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One interpretation placed on personal pledging in medieval villages emphasizes solidarity--a concept reminiscent of sociological and anthropological investigations into twentieth-century rural communities, although notions about the commonality of the medieval village have an historiographical tradition that dates from the nineteenth century. In the case of medieval villagers, it has always been easy, if not necessarily accurate, to move from pragmatic communal organization--such as field systems and coaration (joint ploughing by villagers)--to symbolic representations of community. The criterion that justified this interpretation in the case of personal pledging was its perceived personal commitment. (1)
Personal pledging, or suretyship, required peasants to stand as security for other villagers in a variety of circumstances at the manorial court, whether in cases of litigation between peasants, such as debt/detinue, trespass, and covenant or vis-a-vis their lord in cases of trespass, admission to land, or guarantee of good behavior. Although some sureties were short-term obligations, others--such as for the maintenance of tenements--were of indeterminate length. Serving as a pledger was a common role within the English medieval rural community.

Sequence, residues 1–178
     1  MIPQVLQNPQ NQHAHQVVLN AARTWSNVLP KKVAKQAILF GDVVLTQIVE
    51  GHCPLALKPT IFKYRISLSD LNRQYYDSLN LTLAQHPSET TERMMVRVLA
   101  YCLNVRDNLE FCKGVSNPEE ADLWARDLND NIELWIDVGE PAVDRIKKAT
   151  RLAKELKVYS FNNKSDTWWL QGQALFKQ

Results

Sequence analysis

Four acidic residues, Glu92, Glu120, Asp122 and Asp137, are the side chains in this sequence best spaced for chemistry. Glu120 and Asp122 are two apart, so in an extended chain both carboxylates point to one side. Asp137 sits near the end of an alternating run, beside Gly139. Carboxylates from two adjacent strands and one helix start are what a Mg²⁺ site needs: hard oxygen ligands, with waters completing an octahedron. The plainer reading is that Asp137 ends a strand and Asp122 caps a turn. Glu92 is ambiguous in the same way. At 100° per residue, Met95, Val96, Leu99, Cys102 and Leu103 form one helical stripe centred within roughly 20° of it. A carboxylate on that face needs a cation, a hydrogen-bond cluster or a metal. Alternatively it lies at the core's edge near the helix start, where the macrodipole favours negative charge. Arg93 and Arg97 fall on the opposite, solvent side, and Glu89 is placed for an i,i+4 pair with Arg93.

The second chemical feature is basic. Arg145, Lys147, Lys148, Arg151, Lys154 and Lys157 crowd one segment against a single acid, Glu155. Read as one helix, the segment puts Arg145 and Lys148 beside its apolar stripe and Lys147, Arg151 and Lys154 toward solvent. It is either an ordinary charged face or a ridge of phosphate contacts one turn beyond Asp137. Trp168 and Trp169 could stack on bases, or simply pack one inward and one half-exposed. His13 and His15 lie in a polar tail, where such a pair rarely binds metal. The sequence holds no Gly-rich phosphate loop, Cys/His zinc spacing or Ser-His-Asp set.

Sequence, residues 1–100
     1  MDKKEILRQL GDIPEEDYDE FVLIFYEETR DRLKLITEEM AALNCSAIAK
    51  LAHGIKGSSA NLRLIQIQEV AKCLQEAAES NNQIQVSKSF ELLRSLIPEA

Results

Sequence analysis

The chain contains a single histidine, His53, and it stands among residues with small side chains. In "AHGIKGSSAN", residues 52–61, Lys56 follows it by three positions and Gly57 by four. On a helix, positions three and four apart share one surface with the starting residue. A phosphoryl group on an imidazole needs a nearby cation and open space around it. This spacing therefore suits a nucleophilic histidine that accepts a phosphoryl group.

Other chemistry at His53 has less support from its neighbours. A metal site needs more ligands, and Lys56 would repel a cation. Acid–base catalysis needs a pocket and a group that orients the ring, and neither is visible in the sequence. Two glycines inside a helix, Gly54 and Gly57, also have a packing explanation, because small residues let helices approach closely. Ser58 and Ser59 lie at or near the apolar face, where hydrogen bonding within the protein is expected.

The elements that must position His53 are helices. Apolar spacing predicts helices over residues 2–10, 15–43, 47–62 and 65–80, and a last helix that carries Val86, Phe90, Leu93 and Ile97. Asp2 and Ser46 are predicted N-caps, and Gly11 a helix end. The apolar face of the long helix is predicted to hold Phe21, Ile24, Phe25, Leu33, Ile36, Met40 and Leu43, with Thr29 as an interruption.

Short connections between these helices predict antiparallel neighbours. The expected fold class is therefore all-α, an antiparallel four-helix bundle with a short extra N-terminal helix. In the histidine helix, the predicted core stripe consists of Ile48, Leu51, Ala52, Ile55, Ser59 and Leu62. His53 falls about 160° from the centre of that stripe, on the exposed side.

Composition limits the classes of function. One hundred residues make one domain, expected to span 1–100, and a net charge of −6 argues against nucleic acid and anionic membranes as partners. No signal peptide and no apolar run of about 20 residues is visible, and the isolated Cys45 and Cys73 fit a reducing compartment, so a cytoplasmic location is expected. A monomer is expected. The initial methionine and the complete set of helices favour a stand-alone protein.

This article examines pledging at Kibworth Harcourt--a manor of Merton College in Leicestershire--using social-network-analysis software. One of the principal arguments throughout is that pledging was an institutional relationship, not necessarily a multiplex, affective, or ideological one, and that its use by the peasant elite reinforced social differentiation. Moreover, pledging was not based on such primary sociological elements as friendship, gender, or current peer group, but was socially imposed. (2)
DeWindt's study of Holywell-cum-Needingworth (a manor of Ramsey Abbey) cogently presented the case that personal pledging was partially responsible for villagers' solidarity before the plague. Although the village community was socioeconomically stratified, personal pledging extended from the peasant elite to the margins of the community, thereby reflecting communal identity. Since most pledgers were drawn predominantly from outside the family, neighborliness was significant. (3)
In contrast, Pimsler, considering another Ramsey Abbey manor (Elton), found that although personal pledges were drawn largely from neighbors rather than kin, pledging often involved asymmetrical relationships. He also suspected that pledgers were paid. Smith also found that socioeconomic divisions remained significant in relationships of pledging, since smaller landholders were more likely to pledge within their own quantile of landholding, contrary to any notion of reciprocity. (4)